A significant percentage of patients (75 to 85 percent) with asthma have positive immediate hypersensitivity skin tests (IgE), indicating the vital role that allergy plays in pediatric asthma. Atopy is the strongest predictor for wheezing progressing to asthma; therefore, a history of allergies is significant.17

Treatment

Treatment should include patient education, trigger avoidance and drug therapy regimens that enable patients to function without limitations from asthma symptoms. Table 118 summarizes the standard diagnosis and treatment parameters and provides a list of commonly used medications.

TABLE 1

Stepwise Approach for Managing Infants and Young Children (< 5 Years of Age) with Acute or Chronic Asthma Symptoms

Asthma diagnosis Quick relief* Long-term control Medication Price

Step 4; severe, persistent

Short-acting bronchodilator as needed for symptoms. Intensity of treatment depends on severity of exacerbation, using either: • Inhaled short-acting beta2 agonist by nebulizer or spacer/holding chamber and face mask or • Oral beta2 agonist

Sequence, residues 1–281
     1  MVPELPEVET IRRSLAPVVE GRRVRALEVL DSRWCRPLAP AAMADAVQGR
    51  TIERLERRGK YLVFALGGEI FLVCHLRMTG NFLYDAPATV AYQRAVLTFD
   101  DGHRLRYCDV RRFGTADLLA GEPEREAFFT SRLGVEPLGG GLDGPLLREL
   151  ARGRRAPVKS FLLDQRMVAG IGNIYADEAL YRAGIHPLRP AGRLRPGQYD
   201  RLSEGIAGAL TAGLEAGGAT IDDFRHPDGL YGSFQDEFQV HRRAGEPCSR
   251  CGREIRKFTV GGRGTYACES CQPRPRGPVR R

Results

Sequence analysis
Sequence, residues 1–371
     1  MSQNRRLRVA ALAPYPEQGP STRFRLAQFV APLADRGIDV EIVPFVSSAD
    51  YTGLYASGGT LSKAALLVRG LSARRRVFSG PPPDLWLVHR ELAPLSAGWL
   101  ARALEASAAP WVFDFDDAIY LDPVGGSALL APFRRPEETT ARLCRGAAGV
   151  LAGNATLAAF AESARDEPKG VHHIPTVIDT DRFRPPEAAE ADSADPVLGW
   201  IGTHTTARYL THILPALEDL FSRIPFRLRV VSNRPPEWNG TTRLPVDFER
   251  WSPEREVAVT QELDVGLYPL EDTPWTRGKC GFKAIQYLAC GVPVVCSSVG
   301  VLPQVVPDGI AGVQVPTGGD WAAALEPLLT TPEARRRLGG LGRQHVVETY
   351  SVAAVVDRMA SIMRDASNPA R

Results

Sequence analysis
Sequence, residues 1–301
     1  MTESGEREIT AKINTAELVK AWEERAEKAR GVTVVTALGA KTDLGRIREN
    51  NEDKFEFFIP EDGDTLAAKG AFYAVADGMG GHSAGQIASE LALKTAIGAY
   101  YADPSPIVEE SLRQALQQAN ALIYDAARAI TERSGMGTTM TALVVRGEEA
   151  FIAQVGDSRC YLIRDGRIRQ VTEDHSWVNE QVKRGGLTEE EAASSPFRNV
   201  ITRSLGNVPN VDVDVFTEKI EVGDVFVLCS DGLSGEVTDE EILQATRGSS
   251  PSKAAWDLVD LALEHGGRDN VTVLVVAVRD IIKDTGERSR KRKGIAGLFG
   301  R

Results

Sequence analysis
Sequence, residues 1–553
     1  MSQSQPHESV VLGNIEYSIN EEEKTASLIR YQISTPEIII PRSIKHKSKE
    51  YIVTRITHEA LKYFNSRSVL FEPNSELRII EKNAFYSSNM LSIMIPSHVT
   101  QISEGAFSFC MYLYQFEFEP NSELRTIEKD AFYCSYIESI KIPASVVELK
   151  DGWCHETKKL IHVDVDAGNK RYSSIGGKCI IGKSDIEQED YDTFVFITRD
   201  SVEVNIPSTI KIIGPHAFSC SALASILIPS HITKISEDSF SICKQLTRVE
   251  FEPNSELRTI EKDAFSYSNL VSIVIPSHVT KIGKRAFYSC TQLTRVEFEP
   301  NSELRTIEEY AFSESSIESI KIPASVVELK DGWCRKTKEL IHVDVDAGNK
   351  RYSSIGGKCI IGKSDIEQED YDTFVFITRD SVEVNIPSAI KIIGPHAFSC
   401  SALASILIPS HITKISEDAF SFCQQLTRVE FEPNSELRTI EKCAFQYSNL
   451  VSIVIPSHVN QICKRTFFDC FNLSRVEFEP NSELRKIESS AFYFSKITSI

Daily anti-inflammatory medications: • High-dose inhaled corticosteroid with spacer/holding chamber and face mask and • If needed, add systemic corticosteroids (0.25 to 2 mg per kg per day) and reduce to lowest daily or alternate-day dosage that stabilizes symptoms.‡

Oral corticosteroids

• Methylprednisone (Medrol), 2-mg tablet

$ 44.00 for 100 tablets

• Prednisolone

(Prelone syrup), 5 mg per 5 mL

15.50 per 120 mL

(Pediapred liquid), 5 mg per 5 mL

20.50 per 120 mL

• Prednisone

5-mg tablet

3.50 to 6.50 for 100 tablets

(Deltasone), 5-mg tablet

4.50

(Intensol), 5 mg per mL liquid

31.00

Step 3; moderate, persistent